There's nothing a good getaway can't fix! Whether you're trying to come down from a stressful undertaking, or trying to remember who it was you married ten years ago - getting away is a good thing.
Often times the problem is finding a good getaway. Crystal Springs, New Jersey's only four-season resort has enough angles and amenities to satisfy the oenophile, the agrophile, the gastronome, the Francophile, and general hedonist.
On my recent press invite to The Grand Cascades Lodge at Crystal Springs, Mr. Hot and I began our visit in the renown Latour wine cellar for the dedication ceremony of their newest wine room in honor of late creator and resort founder, Gene Mulvihill.
Robby Younes, the genuine and enthusiastic Vice President of Hospitality and Lodging at Crystal Springs, along with charming and gracious sommelier, Susanne Lerescu and assistant sommelier, Samantha Shaw welcomed us into the wine cellar, and briefly spoke - without pretension - about the joys of learning and experiencing wines with people.
The Latour wine cellar is one of the largest and deepest cellars in the country, boasting over 135,000 bottles, 9,100 labels, including vintage and rare bottles dating back to 1795. The Latour wine cellar is also the holder of Wine Spectator's exclusive "Grand Award" since 2006. There is a daily free cellar tour at 3pm.
During the ceremony we enjoyed hors d'oevures and champagne in the Bordeaux room, and got to mingle with Crystal Spring's new executive chef, Timothy Fischer and Florian Wehrli, the executive sous chef for Crystal Springs Resort.
Fischer, a native Minnesotan,
was drawn to Crystal Springs because of its commitment to sustainable products and the culinary arts. “I like to use local ingredients. It comes in fresh, we cook it right away and we know it’s going out fresh, that’s paramount. If it looks, smells, and tastes great and is artfully arranged and our guests get a complete sensory experience, that’s culinary artistry to me[.]”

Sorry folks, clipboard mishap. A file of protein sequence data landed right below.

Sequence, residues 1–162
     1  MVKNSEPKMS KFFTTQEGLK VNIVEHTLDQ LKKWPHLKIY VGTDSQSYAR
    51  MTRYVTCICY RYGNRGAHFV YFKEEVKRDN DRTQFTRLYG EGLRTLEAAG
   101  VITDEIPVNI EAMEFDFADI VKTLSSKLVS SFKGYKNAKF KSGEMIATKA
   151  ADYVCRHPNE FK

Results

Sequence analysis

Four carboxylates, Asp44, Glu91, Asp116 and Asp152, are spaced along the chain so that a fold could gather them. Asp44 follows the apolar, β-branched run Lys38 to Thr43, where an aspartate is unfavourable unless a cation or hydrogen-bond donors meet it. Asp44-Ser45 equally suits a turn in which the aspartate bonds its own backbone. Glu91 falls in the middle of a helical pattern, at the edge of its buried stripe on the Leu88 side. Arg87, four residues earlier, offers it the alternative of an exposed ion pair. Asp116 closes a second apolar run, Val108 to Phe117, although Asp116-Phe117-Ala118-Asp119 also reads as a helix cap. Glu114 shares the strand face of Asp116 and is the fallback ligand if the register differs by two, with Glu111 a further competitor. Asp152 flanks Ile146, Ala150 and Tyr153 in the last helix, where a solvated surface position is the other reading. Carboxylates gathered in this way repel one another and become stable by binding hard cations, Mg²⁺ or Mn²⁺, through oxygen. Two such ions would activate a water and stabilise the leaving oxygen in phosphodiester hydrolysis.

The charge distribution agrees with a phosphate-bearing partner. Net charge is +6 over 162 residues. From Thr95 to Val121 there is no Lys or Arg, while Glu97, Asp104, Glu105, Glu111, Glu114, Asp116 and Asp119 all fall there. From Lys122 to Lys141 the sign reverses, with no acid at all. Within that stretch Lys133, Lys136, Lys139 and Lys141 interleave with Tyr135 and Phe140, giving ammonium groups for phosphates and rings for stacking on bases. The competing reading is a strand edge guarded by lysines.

Fishcher prepared a six course wine paired dinner that began with an East Coast Fiddle Head Fern salad with shaved summer truffles, baby mache and a Banyuls vinaigrette that tasted like eating a garden: fibrous and vegetative. This was paired with a smooth and balanced Didier Dagueneau, 2007.
Next, Fischer presented an ode to Minnesota with a Walleye cake and fried green tomato "sandwich" that cleverly utilized the fried green tomato as the bun.
The following course, day boat halibut with an outstanding sweet pea sabayon, was my favorite of the evening. Clean on the palate, colorful, and pure, it paired effortlessly with a perfect Shubumi Knoll Chardonnay, 2009.
The next course was a heavy hitter; beautifully cooked bison strip loin with morels, accompanied by a rather boombastic foie gras crusted bone marrow luge, with a seasonal and delicious spring onion and ramp pesto. This was paired with Gianfranco Fino, "Es", Primitivo, 2010.
The following course was a cheese plate from Lida Gold Calkins Creamery, which I'm sure was very good, but my recollection of the details are somewhat obscured thanks to the 100 Point (Robert Parker) 1982 Chateau Pichon-Lalande! (Confessional: I smuggled the empty bottle back to our hotel room, and it now stands on my bedside table.)
We wrapped-up dinner with a spring cobbler trio: strawberry cobbler with basil gelato, blackberry cobbler with Meyer lemon gelato, and rhubarb cobbler with goat cheese gelato, with a nice Tokaji Aszu, 3 Puttonyos, 2003.
The following morning, in the afterglow of Pichon '82, we enjoyed an incredible breakfast at the Crystal Tavern. Then, we joined Chef Wehrli for a drive to the 56 acre farm where we took in the Sussex County air and met a few of the resident chickens.
A perfect getaway, indeed. Mr. Hot and I look forward to returning for culinary events and monthly wine seminars held the first Sunday of every month, featuring wine regions and grape varietal.